On the way back to the house you ask Miss Barber about Pokey, about what kind of father he is. "He's a good father, when he's around," Miss Barber says. You ask Miss Barber if she knows Slick. She smiles at the mention of the name. "Everybody knows Calvin Sr.," Miss Barber says. "Just nobody knows where he is." Christy Jones lives in Indianapolis with her grandmother, with her daughter from a relationship before the one with Pokey and with McKayla, her daughter with Pokey. She and Pokey met in the summer of '96, when Pokey was playing on the Reds' Triple A team in Indianapolis. Christy's stepfather, Skeeter Barnes, played for the Reds in the '80s and for Indianapolis before that. In '97 Christy became pregnant with McKayla. "I wasn't going to have McKayla, but Pokey said, 'If you have the baby, I'll be there for you,' " she says. McKayla was born on Oct. 24, 1997. Pokey didn't make it to Indianapolis until a week after McKayla was born.

For a while, during the 1998 season, when Pokey was with the Reds in Cincinnati and making $220,000, Christy and Pokey were engaged, but Pokey broke it off. He told her he didn't have enough money to get married. He told her he didn't love her. Christy says Pokey had relationships with other women while they were together. Now, by court order, Pokey pays Christy $1,469 a month for child support.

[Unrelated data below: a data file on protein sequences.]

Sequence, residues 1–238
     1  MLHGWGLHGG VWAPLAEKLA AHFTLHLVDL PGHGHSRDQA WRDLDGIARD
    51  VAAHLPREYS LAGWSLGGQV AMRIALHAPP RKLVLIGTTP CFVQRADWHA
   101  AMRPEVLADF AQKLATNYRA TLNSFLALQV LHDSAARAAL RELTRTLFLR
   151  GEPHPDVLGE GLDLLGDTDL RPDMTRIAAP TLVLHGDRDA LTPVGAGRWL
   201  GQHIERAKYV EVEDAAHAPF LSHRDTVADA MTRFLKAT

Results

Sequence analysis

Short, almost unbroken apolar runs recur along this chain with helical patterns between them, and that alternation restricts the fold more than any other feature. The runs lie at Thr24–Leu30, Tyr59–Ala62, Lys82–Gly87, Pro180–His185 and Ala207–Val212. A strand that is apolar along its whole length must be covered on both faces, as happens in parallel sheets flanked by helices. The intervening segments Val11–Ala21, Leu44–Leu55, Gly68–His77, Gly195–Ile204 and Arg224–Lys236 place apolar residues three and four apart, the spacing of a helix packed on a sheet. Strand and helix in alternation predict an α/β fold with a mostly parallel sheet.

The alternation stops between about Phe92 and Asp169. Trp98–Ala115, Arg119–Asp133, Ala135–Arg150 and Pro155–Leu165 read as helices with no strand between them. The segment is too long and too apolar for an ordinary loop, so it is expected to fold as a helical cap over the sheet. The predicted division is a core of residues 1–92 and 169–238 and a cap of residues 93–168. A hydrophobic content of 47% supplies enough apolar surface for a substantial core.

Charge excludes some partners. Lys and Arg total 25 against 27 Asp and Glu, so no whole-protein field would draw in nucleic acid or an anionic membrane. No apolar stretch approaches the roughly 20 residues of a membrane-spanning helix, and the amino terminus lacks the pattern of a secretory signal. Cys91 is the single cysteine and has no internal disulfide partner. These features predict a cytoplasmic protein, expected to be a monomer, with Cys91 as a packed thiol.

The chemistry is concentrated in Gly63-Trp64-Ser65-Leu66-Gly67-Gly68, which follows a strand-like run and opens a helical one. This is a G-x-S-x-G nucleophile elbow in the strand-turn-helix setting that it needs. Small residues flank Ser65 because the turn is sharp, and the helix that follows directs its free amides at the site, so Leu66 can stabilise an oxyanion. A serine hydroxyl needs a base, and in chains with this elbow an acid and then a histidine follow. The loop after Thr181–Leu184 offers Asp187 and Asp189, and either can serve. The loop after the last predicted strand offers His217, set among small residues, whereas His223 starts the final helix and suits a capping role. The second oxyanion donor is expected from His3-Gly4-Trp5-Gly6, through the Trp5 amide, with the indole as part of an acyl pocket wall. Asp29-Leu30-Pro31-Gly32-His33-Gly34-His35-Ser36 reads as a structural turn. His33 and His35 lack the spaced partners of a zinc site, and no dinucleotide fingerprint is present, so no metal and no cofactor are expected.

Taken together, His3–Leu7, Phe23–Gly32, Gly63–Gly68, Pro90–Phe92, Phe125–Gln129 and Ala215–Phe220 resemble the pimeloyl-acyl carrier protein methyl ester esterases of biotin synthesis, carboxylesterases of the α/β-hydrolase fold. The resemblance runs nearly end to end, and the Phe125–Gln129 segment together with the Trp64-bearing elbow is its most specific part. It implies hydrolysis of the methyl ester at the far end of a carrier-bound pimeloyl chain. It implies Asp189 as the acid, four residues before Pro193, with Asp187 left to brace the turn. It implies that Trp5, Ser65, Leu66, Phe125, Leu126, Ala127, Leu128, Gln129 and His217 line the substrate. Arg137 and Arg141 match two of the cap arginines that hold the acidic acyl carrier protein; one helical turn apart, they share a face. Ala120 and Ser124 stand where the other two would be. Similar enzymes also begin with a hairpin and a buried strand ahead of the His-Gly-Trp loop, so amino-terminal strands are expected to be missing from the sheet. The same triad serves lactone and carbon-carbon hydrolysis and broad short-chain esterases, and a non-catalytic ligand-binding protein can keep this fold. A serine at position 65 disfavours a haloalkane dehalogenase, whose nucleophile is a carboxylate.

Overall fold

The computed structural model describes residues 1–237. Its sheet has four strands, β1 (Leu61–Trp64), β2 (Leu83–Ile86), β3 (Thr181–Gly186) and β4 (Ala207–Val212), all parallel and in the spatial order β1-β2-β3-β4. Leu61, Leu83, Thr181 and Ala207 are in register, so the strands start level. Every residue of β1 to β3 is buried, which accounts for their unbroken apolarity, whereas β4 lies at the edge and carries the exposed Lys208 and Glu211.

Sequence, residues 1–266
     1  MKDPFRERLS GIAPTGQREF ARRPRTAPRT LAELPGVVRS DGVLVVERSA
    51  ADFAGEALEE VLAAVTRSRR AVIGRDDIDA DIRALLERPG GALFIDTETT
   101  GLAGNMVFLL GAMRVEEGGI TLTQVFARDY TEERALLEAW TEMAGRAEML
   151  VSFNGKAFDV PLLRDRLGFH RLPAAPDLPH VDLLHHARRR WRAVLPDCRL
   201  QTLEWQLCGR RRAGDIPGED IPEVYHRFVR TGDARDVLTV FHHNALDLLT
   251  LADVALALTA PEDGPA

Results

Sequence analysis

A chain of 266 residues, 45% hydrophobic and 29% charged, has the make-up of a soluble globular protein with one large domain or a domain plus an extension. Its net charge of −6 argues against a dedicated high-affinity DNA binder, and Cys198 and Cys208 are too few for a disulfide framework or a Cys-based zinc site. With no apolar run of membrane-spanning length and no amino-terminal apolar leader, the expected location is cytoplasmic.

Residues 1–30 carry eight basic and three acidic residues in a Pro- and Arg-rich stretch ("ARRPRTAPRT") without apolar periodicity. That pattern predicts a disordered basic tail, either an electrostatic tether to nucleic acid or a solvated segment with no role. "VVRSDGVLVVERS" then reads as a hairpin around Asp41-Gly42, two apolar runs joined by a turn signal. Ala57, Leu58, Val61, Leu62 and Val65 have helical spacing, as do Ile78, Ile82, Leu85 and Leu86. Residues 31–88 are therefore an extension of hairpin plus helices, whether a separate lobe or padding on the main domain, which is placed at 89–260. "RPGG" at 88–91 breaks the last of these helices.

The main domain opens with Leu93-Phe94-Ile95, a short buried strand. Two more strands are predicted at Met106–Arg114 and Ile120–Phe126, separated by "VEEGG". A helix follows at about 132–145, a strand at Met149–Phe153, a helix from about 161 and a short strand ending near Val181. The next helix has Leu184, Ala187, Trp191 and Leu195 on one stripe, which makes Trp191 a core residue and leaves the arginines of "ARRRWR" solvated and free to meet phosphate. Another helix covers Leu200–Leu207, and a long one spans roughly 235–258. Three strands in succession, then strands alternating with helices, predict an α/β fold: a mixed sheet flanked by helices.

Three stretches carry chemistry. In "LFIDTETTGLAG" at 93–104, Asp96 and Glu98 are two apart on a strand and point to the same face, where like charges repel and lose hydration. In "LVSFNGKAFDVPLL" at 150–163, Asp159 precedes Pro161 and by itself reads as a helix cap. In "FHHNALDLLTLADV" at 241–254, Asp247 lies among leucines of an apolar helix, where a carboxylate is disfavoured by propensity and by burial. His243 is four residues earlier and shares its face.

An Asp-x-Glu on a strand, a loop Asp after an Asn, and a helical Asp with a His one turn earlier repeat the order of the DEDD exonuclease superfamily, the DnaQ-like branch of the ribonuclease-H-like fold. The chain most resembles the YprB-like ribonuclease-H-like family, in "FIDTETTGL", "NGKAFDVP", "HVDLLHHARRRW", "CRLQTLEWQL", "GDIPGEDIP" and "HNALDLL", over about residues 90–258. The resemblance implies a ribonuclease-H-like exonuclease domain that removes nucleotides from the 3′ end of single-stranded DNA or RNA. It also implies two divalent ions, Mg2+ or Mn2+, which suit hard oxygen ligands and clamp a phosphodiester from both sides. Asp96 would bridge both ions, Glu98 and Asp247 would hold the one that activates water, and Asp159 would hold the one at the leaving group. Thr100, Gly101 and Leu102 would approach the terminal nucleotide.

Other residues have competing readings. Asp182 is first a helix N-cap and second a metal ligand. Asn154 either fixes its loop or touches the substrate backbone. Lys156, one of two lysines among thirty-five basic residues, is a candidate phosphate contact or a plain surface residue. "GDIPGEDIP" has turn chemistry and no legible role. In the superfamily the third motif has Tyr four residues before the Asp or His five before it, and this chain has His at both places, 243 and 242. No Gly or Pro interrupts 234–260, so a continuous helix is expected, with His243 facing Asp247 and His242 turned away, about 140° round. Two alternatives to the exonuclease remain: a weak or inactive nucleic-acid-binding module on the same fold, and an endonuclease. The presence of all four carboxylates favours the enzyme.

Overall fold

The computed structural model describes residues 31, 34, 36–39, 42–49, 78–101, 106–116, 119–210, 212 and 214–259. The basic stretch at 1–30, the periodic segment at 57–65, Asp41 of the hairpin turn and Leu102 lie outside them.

"When we started going out, he was just a fun person to be around," Christy says. "He can do sweet things. Even now. I heard he said 'Happy Mother's Day' to me on TV. But basically I see him as very selfish. To McKayla he's not a dad at all. He calls maybe once a month. He's come here to see her twice in the past year. My dad, Skeeter, works as a coach in the Detroit Tigers' organization. He told Pokey at spring training, 'You better do the right thing by my daughter.' But my dad told me, 'He's an athlete. You can't expect much from these guys. Their mind is somewhere else. It's on the game.' "

The Richardson family is well known to the Reese family. Years ago Slick dated a Richardson. Pokey had a baby with Rhonda Richardson. Peaches, Pokey's kid sister, knows Melanie Richardson, Rhonda's kid sister. But none of the Reeses—not Pokey, not Peaches, not their mother—can tell you Naquwan Richardson's address or any information about Yolanda Richardson, Naquwan's aunt and guardian.